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[Kitchen Talk]
Savoring history in Iraqi cuisine

With roots going back to Mesopotamia, so much rich history has to rub off somehow

Mar 17,2009
Mustafa M. Taufik
Without visiting a country, the only thing you know about it is often limited to what the Encyclopedia Britannica tells you or what people who have been there say about it. And then there is food. If your taste buds get something they like, a connection is made in an instant.

One thing I have learned while roaming around from one embassy to another, tasting different cuisines, is that I generally feel like I have basically no clue about the country whose embassy I’m visiting, even with all of my self-taught knowledge. But when I get that first bite, it’s like I’ve suddenly been sent off in a time machine. Flashes of ancient history and the civilizations that have helped lay the groundwork for the food in my mouth rush through my mind.

When I visited Mustafa M. Taufik, the minister plenipotentiary and the head of the Iraqi mission to Seoul, he gave me a preview of what was to come.

“Brian, Iraqi cuisine is a mixture of Turkish and Persian cuisine,” he said.

“Iraqi cuisine is a mixture of Turkish and Persian cuisine,” says Minister Taufik. From left: Dolma stuffed with meat and vegetables, kleicha filled with nuts and sugar and crispy kubba filled with meat and egg. By Jeong Chi-ho
My first bite of Iraqi cuisine was kubba. Ah, how shall I describe it? The closest thing I can think of is fried dumplings. A crispy, thin shell surrounds a pocket of meat and eggs in a neat little package the size of your palm. They’re perfect as appetizers, or good as a main dish.

The next dish introduced by Minister Taufik was dolma, which is basically a family of stuffed vegetable dishes. He told me his wife had spent two days preparing the dish as just the right temperature is needed to make it work, earnest efforts that were reflected in the cooking. Dolma is a dish in which zucchini, tomatoes, peppers and cabbages are filled with rice, and the stuffing mix may or may not include meat. It’s just like our own gimbap, but the ingredients used for the wrapping are different and give it more variety.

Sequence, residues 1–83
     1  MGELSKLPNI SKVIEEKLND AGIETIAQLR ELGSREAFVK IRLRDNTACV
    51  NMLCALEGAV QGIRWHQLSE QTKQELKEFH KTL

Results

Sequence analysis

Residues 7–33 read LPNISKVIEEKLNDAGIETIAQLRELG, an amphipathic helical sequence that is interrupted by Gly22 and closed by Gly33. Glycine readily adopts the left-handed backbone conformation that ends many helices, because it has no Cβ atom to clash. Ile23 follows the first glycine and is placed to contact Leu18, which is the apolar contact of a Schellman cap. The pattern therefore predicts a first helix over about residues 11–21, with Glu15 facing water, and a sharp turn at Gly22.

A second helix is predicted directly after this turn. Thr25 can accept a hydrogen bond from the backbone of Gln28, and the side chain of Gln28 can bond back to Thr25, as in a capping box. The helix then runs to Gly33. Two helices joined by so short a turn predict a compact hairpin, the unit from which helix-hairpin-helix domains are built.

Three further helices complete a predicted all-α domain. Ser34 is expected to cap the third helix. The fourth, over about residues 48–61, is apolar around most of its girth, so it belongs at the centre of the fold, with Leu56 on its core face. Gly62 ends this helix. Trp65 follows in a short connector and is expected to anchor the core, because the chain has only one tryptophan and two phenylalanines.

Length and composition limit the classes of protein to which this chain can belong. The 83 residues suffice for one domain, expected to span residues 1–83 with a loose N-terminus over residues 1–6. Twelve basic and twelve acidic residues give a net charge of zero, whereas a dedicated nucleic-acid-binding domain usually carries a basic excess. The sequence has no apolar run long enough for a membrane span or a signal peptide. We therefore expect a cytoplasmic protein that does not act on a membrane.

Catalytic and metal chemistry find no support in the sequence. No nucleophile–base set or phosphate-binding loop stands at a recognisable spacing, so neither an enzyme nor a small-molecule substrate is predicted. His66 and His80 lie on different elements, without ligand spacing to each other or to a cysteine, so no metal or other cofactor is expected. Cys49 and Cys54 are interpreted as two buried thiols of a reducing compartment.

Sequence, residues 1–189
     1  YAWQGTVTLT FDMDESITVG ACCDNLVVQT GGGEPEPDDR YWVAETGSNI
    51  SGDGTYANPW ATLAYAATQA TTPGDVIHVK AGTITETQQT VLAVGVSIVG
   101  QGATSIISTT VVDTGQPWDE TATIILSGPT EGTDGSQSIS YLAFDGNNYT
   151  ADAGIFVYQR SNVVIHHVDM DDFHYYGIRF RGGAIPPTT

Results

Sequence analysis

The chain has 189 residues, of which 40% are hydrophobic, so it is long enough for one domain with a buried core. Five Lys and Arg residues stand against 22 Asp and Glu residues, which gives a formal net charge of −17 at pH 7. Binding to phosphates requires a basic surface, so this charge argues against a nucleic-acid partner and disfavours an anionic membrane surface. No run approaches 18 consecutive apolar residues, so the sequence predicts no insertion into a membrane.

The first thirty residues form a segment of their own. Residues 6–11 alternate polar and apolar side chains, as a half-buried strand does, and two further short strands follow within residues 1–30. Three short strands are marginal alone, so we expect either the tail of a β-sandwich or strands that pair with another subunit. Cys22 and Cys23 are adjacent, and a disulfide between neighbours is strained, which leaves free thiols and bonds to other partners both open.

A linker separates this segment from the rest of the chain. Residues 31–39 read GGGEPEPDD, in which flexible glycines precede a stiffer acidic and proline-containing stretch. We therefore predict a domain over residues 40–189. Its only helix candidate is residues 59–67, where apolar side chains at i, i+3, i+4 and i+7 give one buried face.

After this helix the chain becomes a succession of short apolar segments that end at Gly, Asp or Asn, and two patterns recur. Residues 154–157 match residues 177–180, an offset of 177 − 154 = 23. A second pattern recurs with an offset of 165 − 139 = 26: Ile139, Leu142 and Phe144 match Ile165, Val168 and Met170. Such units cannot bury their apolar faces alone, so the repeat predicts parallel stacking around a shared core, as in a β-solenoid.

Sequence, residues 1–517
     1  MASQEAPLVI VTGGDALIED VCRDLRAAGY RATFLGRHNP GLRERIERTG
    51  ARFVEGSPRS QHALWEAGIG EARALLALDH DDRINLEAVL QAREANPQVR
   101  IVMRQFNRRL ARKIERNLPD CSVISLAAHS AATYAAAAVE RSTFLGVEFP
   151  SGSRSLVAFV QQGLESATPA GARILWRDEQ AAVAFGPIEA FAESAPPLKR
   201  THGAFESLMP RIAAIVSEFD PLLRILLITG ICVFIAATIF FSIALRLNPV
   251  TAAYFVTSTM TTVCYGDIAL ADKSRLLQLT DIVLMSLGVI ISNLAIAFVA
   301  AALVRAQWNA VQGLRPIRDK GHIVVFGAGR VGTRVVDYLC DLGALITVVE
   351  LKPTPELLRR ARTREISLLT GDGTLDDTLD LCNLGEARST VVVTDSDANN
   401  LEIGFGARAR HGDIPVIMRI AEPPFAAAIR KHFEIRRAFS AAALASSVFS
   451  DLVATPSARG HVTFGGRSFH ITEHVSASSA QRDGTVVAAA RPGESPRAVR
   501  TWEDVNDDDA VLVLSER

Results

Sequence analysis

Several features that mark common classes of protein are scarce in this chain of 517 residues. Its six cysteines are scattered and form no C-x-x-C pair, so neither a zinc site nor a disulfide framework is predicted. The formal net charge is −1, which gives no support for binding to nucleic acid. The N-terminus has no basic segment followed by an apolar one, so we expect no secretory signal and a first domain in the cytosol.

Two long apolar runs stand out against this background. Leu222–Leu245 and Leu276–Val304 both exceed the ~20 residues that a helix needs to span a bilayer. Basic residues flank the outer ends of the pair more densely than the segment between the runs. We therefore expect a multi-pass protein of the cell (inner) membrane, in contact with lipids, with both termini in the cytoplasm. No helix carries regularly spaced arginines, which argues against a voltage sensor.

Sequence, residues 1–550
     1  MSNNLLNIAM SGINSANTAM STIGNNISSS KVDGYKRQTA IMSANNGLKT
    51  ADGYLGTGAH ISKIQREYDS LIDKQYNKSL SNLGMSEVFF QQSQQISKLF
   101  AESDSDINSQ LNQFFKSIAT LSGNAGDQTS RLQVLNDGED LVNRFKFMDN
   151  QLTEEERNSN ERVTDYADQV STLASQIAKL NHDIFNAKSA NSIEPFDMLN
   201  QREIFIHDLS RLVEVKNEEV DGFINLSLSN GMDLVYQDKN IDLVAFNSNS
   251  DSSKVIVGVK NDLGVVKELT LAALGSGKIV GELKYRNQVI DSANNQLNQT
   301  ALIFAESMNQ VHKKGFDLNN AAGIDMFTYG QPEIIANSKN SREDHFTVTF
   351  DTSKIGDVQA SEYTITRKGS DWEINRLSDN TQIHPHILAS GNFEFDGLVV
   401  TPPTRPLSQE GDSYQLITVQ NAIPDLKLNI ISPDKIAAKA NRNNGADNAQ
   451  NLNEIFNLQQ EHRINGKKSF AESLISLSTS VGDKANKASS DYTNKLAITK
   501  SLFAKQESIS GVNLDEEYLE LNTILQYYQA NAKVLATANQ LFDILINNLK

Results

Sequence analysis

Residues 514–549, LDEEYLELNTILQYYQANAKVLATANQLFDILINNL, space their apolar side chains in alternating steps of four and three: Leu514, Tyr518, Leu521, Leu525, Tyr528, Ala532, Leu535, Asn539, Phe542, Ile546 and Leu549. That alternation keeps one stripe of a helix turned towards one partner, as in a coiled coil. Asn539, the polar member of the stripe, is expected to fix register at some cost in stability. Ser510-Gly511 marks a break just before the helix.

What I found most delicious was the pastry we had. One plate was filled with kleicha, half moons filled with nuts and sugar. There was also something special that came directly from Iraq. The minister was kind enough to offer Almann Walsalwa, which is described in the Koran. You can think of it as a kind of caramel that’s been sprinkled with white powder, but it has a sweeter taste and its shape is somewhat less defined. Extremely addictive, I must say.

I am essentially a meat lover, and that includes lamb as well. But one bit of information that the minister gave was disheartening. In the Middle East, lamb and mutton is the meat of choice.

What I didn’t know was that in Iraq, it is strictly for domestic consumption only. “Iraqi lamb meat is the best in the world. Neighboring countries have offered high prices, but this we will keep inside Iraq,” said the minister. “The land, the grass and the water, it all comes together to make our mutton the best quality meat.”

How can that be?! The best lamb and mutton in the world and it’s not legally possible to have it?! This is not fair! Now I know exactly what our Foreign Ministry needs to do.

Regarding the local cuisine, Minister Taufik names bibimbap and galbi as his favorites. He is a very health-conscious person, so he recognizes the good stuff when he sees it. The minister asserts that he has had no problem adjusting to the local tastes. “I have yet to taste Korean food that is very hot or spicy, including kimchi. This may be because I like and used to eat very spicy food.”

Before any embassy visit, I first send off a questionnaire to lay a foundation for the meeting. The very first question I ask is this: What was the most shocking cultural experience, if any, since your arrival? Ambassadors, having a natural ability to put a positive spin on anything, especially when it comes to the host country, usually avoid this question like the plague. Surprisingly, though, Minister Taufik was candid.

“I have noticed most Koreans have a lack of understanding and information about the Arab and Islamic culture. This is especially true of young people, who are impressed with Western culture and completely stuck on it,” the minister said. “We have the Korea-Arab Society. Although it is still new, there are plans to set up programs aimed at cultural dialogue to reduce the gap between our societies. These include fairs and festivals and other activities.”

Beyond the usual layer of news surrounding Iraq, there is the culture. And that includes the cuisine.

Iraq traces its roots to ancient Mesopotamia, the place between the Tigris and Euphrates rivers that is known as the cradle of civilization. And so much rich history has to rub off somewhere.


By Brian Lee Staff Reporter [africanu@joongang.co.kr]





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